As one of the founders of Microsoft, Bill Gates was able to build his net worth from $0 to $100 million while he was in his 20s and 30s. That is part of his brilliance that is difficult to replicate. But since then, his net worth has grown from $100 million to $85 billion over the past three decades, almost exclusively through investment in the publicly traded stock market. I want to share with you four of the lessons I learned when studying how Bill Gates grew his fortune, with a particular emphasis on the structures and philosophies he followed later in life.
I was recently studying the story of how Eminem built up his $400-$600 million net worth, and I was struck by how various efforts throughout his career led to vastly different financial results. The things that made Eminem rich aren’t necessarily the things that you would guess made him rich, and this is also something I suspect Eminem knows given his launch of “Shady Productions” and repeated insistence to own the equity from his efforts during the later stages of his career. I wanted to share with you four of the insights I gained from studying the economic side of Eminem’s life.
In the United States today, there are almost 11 million individuals with a net worth of $1,000,000 or more, excluding the value of their primary residence (the figure tops 20 million if you count primary home equity in the calculations). With a population slightly above 300 million, this means that one out of every twenty-five Americans is a millionaire. You might wonder then: Why doesn’t it feel like one out of every 25 people you encounter has that type of wealth?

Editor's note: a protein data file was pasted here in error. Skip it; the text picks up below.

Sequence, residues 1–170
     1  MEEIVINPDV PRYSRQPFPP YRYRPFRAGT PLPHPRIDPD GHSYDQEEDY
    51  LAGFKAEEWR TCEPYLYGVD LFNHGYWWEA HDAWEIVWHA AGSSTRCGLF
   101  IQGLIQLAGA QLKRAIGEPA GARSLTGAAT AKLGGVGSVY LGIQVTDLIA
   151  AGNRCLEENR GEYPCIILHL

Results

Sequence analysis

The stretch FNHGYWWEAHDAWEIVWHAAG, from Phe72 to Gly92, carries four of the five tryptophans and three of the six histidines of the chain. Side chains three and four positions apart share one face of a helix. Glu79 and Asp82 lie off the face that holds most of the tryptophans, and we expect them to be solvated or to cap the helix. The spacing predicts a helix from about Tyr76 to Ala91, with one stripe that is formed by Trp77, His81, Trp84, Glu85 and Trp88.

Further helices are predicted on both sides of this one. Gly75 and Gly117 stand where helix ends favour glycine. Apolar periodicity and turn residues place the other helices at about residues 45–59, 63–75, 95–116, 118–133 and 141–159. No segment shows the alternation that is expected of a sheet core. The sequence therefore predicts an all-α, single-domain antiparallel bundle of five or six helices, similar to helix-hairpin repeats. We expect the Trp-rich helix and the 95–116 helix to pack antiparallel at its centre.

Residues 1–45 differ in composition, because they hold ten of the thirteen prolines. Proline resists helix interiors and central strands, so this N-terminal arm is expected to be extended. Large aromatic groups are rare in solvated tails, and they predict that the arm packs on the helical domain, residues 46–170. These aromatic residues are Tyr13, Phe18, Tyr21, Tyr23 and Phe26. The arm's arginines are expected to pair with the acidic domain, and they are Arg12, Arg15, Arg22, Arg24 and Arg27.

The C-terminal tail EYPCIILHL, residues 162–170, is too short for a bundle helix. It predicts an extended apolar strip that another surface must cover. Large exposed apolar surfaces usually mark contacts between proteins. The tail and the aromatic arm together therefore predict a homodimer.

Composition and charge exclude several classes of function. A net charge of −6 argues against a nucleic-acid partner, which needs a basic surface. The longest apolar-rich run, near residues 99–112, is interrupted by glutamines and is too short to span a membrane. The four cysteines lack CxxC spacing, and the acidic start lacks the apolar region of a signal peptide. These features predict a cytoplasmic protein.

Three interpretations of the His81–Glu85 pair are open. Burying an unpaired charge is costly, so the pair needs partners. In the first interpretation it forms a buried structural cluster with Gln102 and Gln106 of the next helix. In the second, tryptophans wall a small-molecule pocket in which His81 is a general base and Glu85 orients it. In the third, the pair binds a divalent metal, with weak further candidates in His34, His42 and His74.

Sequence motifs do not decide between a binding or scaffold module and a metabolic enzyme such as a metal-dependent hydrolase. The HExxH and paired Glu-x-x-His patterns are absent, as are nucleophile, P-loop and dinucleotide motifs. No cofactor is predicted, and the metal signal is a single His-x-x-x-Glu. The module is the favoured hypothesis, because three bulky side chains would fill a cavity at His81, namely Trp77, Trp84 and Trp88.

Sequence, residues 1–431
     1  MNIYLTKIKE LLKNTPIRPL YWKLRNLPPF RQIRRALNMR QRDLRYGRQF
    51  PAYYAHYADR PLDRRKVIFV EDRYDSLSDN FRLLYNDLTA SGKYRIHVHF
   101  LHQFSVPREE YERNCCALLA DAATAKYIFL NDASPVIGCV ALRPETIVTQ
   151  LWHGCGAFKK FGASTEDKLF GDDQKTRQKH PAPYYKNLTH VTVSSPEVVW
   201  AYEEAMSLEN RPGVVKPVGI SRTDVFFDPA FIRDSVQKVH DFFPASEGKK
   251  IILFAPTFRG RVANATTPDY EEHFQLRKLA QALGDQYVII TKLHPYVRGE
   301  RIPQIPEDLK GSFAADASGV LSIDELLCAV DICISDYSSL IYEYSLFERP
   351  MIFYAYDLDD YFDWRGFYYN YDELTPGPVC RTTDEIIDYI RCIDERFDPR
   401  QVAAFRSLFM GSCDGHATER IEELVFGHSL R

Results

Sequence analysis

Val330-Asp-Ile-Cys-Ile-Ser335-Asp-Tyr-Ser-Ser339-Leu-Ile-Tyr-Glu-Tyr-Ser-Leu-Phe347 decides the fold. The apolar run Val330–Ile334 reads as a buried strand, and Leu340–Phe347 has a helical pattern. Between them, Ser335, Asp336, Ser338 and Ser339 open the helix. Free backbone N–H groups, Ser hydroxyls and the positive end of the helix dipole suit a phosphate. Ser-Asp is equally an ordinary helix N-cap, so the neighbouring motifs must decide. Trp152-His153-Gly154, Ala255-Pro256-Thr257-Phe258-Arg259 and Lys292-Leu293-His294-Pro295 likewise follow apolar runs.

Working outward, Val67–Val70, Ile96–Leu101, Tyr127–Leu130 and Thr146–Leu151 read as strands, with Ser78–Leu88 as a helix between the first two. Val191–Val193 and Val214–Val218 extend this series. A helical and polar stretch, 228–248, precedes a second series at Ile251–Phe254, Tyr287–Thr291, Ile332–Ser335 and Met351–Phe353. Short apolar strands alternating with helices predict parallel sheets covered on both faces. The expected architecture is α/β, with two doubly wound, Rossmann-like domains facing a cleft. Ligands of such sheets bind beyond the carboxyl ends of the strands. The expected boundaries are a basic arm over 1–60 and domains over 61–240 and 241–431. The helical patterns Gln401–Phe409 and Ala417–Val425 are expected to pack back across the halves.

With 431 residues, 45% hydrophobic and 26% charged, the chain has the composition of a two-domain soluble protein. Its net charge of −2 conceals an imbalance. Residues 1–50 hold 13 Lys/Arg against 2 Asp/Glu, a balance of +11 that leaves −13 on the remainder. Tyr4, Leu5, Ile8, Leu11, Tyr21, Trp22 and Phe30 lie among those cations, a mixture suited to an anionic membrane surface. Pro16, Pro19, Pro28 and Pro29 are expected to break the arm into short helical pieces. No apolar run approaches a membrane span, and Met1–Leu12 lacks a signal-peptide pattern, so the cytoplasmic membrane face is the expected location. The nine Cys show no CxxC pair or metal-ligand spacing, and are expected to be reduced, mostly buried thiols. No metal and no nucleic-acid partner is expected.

The short answer is that they don’t want to be noticed, and the media doesn’t want to find them.
You also have to guard yourself against those instances in life where rational decision-making on your part creates perverse incentives for counterparties that you may encounter. For example, I don’t think most people realize a danger that arises when you try to pay off your home mortgage early. If you ever lose a job, take a pay cut, or encounter some difficulty with making your mortgage payment once a good chunk of the principal has been paid off, the bank is going to be less likely to work with you if they have clarity that they will make a profit.
I include below five factors that I consider when evaluating a mutual fund offering that are a little bit different than the standard/conventional advice that is repeated ad nauseam on the topic:
#1. Pay attention to the manager rather than the fund when calculating performance history. Most people rely on a fund’s performance history when reviewing the 3, 5, and 10 year history for a mutual fund. But you should care about the specific person. For the past five years, it’s not that there has been something magical about “center fielder for the Los Angeles Angels.” Instead, Mike Trout is the magic player, and he happens to be center field. People fall into the trap of following the track record of the fund name rather than the manager. It is the manager who selects the stocks, and that is the track record you should study.